Flash boursier

Key data


(values from the Friday preceding publication)


Two sides of the Atlantic = two stories

European markets were hit hard last week as political uncertainty sowed chaos. The CAC 40 shed more than 6%, wiping out its year-to-date performance. Meanwhile the DAX fell by 3% and the Euro Stoxx 50 dropped by 4.20%.

Despite the rise of the far-right in Europe and the concerns this has raised, inflation data from the Eurozone’s two largest economies supported the ECB’s decision to cut interest rates.

In Germany, the harmonised CPI stood still at 2.8% year-on-year in May, in line with expectations. In France, the same indicator improved marginally to 2.6% year-on-year in May but lost some momentum month-on-month, slowing to 0.1% versus 0.2% in April.

In the US, the mood was quite the opposite as the markets continued their record-breaking run, driven even higher by AI-related stocks and a batch of encouraging macroeconomic figures.

Firstly, some good news emerged on the inflation front, with consumer prices holding steady in May compared with April. Year-on-year, CPI stood at 3.3% versus 3.4% in April. Excluding food and energy (the more volatile price components), core inflation was also better than expected.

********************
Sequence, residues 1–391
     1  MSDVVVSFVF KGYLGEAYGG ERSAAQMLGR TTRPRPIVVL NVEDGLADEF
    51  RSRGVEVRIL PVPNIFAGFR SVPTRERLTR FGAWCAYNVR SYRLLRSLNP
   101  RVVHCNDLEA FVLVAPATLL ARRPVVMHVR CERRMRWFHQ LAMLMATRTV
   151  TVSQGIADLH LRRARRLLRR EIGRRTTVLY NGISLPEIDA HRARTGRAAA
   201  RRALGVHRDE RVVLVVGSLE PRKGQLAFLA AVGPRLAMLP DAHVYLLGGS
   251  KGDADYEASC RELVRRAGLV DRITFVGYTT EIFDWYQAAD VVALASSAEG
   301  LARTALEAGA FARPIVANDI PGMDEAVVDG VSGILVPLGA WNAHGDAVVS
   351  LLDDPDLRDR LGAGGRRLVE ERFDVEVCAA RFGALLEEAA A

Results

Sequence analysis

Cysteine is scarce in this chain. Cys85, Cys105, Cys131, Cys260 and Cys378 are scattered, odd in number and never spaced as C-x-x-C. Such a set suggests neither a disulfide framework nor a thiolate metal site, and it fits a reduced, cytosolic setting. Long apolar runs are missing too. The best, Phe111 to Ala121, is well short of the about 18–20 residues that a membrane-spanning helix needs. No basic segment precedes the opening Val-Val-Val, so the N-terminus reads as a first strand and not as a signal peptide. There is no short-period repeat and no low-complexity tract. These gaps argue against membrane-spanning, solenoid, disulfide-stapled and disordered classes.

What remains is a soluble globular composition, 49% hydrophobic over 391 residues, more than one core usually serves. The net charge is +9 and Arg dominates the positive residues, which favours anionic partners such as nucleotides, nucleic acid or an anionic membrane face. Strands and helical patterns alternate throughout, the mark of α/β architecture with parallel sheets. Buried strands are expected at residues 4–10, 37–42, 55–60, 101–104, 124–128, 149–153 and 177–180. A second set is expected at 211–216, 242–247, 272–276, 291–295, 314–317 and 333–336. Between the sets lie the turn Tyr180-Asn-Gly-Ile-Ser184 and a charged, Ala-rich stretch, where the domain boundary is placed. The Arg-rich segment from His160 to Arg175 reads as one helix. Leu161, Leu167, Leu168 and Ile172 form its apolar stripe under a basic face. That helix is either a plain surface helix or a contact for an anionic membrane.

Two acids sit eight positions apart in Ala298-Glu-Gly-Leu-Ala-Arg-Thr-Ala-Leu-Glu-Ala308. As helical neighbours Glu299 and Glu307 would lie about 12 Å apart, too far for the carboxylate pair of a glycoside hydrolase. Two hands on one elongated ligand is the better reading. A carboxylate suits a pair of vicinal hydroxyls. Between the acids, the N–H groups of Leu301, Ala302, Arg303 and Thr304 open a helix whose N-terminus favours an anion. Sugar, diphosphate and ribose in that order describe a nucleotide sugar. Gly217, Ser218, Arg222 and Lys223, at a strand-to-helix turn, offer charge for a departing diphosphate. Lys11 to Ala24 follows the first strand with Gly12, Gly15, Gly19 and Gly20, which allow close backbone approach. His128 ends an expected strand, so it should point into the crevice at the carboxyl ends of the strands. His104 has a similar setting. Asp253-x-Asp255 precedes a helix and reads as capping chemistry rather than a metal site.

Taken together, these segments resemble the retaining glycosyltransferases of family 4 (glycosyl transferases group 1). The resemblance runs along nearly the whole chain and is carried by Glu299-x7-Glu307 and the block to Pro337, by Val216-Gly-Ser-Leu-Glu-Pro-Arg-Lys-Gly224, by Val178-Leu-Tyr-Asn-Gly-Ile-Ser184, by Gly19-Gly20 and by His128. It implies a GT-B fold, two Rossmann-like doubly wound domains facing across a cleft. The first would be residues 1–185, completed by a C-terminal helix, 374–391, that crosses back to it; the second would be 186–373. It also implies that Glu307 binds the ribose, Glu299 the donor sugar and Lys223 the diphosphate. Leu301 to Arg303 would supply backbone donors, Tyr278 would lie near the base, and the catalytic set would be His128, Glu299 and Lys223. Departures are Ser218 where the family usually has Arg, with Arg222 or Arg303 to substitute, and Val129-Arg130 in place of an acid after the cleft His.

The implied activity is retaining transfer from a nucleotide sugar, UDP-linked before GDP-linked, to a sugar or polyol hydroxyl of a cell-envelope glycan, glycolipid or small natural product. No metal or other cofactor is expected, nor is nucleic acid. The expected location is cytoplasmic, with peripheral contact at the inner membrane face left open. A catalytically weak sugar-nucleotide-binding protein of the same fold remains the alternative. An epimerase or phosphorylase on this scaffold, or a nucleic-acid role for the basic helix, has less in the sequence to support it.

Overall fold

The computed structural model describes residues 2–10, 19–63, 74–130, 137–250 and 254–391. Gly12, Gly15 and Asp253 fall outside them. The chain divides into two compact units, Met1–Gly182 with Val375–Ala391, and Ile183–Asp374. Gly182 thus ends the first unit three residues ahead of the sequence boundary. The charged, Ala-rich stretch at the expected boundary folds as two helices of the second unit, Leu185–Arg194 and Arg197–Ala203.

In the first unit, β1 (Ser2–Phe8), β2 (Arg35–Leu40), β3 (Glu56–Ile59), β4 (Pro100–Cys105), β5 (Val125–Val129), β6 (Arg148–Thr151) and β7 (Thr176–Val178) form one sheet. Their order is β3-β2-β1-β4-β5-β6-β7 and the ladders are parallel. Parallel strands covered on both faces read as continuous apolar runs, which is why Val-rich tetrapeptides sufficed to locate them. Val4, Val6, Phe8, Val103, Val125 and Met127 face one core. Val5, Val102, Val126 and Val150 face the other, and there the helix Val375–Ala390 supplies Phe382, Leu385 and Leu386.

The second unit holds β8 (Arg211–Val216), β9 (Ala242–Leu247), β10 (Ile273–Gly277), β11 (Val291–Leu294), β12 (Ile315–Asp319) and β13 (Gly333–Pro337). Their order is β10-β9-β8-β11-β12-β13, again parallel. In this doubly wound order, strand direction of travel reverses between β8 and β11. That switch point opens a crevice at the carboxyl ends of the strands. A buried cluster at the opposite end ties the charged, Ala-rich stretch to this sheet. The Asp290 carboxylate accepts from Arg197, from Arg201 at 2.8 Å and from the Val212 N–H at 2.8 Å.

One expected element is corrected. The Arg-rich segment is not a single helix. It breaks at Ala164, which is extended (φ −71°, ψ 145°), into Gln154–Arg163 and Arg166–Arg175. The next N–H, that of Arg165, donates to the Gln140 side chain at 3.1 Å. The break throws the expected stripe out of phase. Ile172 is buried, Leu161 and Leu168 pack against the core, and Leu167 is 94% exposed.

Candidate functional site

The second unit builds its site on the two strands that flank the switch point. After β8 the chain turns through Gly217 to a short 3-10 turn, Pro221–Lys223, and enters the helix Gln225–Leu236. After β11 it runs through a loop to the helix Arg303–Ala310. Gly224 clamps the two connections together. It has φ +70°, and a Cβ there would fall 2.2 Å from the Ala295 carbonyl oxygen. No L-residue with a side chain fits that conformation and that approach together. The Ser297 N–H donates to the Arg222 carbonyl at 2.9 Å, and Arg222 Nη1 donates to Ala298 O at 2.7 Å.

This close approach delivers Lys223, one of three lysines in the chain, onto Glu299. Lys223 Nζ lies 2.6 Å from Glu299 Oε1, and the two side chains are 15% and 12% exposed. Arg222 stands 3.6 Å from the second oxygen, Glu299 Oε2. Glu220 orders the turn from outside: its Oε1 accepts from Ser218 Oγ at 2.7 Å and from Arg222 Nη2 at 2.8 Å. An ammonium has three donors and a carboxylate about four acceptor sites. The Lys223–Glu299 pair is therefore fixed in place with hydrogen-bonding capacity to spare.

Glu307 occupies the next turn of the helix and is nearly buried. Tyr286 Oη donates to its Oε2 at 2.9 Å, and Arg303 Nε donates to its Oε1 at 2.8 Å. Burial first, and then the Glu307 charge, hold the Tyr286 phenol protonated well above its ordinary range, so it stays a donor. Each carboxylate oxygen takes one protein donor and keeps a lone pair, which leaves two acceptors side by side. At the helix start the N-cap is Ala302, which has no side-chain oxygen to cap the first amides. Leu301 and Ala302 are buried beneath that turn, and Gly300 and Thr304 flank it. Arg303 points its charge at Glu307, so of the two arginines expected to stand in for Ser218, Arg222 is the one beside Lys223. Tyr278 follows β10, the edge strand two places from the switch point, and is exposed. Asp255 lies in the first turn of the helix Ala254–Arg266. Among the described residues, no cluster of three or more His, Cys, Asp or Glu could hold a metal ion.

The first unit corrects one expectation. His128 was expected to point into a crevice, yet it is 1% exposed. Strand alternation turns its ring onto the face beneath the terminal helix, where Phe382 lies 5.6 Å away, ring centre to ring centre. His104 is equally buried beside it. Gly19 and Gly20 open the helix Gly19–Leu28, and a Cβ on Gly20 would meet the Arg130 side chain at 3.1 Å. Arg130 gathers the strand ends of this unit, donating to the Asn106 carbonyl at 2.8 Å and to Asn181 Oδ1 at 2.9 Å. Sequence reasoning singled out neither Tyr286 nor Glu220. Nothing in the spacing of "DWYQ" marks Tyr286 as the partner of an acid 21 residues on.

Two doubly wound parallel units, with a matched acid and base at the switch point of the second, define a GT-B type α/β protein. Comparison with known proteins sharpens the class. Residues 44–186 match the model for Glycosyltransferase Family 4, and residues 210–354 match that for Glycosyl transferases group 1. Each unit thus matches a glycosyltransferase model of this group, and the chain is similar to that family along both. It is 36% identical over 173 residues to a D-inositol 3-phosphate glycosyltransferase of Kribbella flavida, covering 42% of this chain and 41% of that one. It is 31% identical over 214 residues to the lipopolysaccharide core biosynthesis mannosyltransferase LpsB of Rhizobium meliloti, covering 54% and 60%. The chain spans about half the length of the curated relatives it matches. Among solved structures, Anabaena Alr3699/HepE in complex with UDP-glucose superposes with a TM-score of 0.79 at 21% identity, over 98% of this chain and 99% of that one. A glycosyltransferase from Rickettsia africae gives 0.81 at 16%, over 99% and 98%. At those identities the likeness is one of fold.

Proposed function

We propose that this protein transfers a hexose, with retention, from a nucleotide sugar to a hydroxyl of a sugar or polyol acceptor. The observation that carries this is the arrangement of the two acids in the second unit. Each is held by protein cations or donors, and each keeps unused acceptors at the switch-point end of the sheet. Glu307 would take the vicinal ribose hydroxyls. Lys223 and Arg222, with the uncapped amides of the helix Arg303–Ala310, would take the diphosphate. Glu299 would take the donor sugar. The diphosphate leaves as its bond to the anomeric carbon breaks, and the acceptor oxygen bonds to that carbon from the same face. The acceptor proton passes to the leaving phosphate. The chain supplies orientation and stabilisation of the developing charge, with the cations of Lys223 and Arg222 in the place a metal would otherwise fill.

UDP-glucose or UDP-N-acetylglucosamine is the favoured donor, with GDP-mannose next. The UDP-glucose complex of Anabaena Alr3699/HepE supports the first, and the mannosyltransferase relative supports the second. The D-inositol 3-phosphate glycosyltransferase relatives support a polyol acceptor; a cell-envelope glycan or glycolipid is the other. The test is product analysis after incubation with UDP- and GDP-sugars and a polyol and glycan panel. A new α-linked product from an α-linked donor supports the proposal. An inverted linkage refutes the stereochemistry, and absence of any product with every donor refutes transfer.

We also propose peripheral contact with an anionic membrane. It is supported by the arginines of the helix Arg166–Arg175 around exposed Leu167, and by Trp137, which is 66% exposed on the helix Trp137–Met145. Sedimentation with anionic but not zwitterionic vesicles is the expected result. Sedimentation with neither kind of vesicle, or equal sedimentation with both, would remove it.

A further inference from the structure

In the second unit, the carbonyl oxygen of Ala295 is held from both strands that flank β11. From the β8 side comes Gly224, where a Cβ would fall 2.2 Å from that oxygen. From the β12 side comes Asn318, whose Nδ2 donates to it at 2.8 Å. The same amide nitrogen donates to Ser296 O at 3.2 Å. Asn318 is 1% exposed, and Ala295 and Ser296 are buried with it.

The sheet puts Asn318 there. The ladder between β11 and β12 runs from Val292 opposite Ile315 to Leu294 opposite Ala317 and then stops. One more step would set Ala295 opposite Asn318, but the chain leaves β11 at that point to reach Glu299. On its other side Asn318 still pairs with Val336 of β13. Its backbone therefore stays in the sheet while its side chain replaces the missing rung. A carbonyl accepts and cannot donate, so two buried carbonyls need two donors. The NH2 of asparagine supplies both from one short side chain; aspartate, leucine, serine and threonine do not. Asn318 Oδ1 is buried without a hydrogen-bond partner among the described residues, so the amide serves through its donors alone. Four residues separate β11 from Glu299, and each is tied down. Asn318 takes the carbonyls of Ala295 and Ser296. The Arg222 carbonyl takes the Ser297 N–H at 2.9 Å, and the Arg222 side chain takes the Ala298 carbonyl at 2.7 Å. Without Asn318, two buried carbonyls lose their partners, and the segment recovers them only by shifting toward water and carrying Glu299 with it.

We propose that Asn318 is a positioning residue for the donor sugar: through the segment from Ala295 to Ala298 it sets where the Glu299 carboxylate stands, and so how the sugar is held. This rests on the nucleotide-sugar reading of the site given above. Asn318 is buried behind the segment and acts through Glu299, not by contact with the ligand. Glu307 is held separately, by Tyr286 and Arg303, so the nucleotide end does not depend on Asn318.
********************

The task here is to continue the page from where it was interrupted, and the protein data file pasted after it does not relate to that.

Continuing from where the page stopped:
Producer prices fell by 0.2% in May compared with April but rose by 2.2% year-on-year. Happily this was less than expected, considering the forecast for 2.5%. Import prices also eased, by 0.4% in May compared with 0.9% in April. Next up, the rise in unemployment figures to a 10-month high reassured investors. These data all support monetary easing by the Fed and will therefore help risk assets.

Additionally, the Fed has kept rates as broadly expected in the face of more stubborn inflation, despite more encouraging recent figures. As with the ECB, the Fed revised up its inflation forecasts, to 2.6% in 2024 (from 2.4% in March) and 2.3% in 2025 (from 2.2%). Thankfully it confirmed its growth forecast at 2.1% this year.

The big news from this meeting was not so much the outcome but the number of rate cuts that the various members of the Fed’s FOMC committee foresaw, which now stands at just one this year compared with three at the last meeting.

In short, indices behaved differently, with the S&P 500 gaining 1.58%, the Nasdaq rising by a massive 3.24% while the Stoxx Europe 600 fell by 2.39%.


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